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Toyota’s focus on cost pays dividends

Cut costs: Toyota president Akio Toyoda’s cost-cutting focus helped the company’s bottom line to the tune of $2 billion last financial year.

Falling sales, but Toyota profit rises on cost cutting and Forex win

Toyota logo10 May 2018

TOYOTA has cost-cut its way back to increased profitability, reversing a one-year dip to notch a 2.5 trillion yen ($A30 billion) after-tax profit for the financial year ending March 31.
 
Foreign exchanges rate fluctuations also made a major contribution to the Japanese giant’s bottom line, despite a slight fall in global vehicle sales, down by 6466 units to 8.96 million vehicles.
 
But Toyota executives warned this week that a stronger yen would work against profitability in the 2018-19 financial year, prompting a call by Toyota president Akio Toyoda for continued company-wide concentration on keeping costs down.
 
“In all workplaces, there is a call to action to fundamentally review fixed costs,” he said. “We have begun steady cost-reduction efforts in which each and every cost, whether it relates to daily tasks or large events or projects, is being scrutinised, with everyone thinking about what elements actually represent waste.”
 
The yen exchange rate has firmed from 111 to the US dollar to 105, making Toyota’s Japanese-made exports more costly and therefore less competitive in overseas markets.
 
Last year, Toyota chopped 165 billion yen ($A2b) out of its costs. This year, the company is targeting a further 130 billion yen ($1.6b) in cost reductions.
 
Toyota’s operating profit last year jumped 20 per cent, to 2.4 trillion yen ($A2.9b), on sales revenues of 29.3 trillion yen ($A360b).
 
This again makes Toyota the most profitable major motor company on the planet, ahead of German powerhouses Volkswagen and Daimler.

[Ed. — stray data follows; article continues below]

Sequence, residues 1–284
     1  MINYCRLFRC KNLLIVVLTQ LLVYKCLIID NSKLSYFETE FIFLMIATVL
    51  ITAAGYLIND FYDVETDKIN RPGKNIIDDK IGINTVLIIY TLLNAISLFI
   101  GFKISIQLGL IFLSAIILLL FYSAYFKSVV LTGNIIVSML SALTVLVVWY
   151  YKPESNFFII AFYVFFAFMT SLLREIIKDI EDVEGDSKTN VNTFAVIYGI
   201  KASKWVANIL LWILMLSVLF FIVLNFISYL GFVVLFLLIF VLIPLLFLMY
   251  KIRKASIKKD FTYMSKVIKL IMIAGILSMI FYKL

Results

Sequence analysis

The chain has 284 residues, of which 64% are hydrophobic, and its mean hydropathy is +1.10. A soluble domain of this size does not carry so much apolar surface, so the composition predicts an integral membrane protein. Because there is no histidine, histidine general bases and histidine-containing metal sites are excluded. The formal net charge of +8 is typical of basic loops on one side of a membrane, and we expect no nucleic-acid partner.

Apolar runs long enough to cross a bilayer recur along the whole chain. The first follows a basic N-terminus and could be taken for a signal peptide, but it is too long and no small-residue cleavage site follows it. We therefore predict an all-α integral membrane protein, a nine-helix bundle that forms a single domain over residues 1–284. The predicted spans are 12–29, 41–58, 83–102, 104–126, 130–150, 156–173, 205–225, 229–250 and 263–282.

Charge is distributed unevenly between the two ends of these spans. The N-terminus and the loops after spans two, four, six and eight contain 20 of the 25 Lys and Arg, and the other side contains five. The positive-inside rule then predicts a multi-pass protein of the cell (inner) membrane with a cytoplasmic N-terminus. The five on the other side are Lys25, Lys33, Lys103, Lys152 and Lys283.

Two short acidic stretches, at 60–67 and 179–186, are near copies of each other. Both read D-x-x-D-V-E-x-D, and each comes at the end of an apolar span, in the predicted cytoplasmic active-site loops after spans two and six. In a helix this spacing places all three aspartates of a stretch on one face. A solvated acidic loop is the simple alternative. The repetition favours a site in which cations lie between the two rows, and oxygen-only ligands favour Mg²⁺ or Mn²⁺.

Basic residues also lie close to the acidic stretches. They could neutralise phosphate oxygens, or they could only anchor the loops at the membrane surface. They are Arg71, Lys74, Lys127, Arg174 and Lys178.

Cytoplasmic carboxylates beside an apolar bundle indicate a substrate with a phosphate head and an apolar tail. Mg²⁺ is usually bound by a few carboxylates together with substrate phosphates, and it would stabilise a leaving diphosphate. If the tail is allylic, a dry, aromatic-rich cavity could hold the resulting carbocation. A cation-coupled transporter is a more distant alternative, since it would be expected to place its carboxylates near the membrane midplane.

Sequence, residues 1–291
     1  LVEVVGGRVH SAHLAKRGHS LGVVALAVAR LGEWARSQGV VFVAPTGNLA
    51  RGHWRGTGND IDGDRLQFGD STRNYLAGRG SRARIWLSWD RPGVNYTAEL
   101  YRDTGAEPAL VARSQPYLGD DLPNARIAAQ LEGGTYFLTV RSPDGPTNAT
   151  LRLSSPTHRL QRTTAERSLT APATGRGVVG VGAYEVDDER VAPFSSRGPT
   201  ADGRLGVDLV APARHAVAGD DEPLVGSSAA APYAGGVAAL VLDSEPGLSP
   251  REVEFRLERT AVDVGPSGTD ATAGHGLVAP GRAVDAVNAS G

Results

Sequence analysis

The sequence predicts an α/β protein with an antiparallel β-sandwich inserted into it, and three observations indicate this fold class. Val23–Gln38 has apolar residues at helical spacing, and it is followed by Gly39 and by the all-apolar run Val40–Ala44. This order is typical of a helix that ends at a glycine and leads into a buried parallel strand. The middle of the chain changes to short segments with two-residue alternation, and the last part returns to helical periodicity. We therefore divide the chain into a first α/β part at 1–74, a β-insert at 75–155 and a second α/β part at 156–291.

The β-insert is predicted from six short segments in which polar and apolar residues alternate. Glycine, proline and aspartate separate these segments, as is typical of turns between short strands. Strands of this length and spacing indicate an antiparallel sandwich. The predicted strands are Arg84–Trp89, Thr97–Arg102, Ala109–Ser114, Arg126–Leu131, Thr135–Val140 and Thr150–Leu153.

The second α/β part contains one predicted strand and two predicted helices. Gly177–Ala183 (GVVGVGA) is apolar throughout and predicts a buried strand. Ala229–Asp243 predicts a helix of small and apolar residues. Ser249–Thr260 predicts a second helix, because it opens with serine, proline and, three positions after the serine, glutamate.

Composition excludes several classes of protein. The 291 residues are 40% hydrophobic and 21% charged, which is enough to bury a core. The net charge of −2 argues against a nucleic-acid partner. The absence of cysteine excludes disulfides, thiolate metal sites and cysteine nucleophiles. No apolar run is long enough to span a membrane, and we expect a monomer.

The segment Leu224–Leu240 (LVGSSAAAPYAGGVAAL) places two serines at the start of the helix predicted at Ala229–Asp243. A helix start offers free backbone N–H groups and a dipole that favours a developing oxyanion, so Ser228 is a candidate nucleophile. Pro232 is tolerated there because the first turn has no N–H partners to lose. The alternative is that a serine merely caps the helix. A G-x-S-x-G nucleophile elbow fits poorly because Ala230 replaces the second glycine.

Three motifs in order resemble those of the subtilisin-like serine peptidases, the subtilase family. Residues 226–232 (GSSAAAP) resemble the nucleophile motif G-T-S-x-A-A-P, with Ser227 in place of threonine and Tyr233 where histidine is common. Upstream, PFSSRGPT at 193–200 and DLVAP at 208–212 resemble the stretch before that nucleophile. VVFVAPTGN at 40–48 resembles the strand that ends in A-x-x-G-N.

Despite its profitability, Toyota was impacted by slowing sales in its three biggest markets, North America, Japan and Asia.
 
In North America, sales slipped by 30,867 units, to 2.8 million vehicles, while in Japan, sales fell 18,649 units, to 2.25 million. Asia sales dived the most – down 45,016 vehicles – to 1.54 million units.
 
These falls were partly offset by sales growth in Europe where 968,077 sales represented an increase of 43,517 vehicles, and in “other regions” – including Australia – where a 44,549 vehicle gain resulted in 1.39 million sales.
 
Toyota predicts its global sales will largely flatline this year, at 8.95 million vehicles, but that net income will fall to 2.12 trillion yen ($A26b).
 
Mr Toyoda stressed that Toyota would put even more effort into new technologies this year as the motor industry faced what he described as a “once in a century era of profound transformation”.
 
He said he saw the change as an opportunity to create a “new future for ourselves with unprecedented speed and imagination”.
 
Toyota plans to spend a record 1.08 trillion yen ($A13b) on research and development this year, much of it on technologies such as electrification and autonomous vehicles.
 
Mr Toyoda said he had relinquished some of his control to a new group of executive vice-presidents, including outsiders such as former president of the International Paralympic Committee Sir Philip Craven.
 
He likened the switch to a move from a racing driver on a race circuit to rally driving, in which teamwork and trust between the navigator and driver on an unknown track is essential for success.

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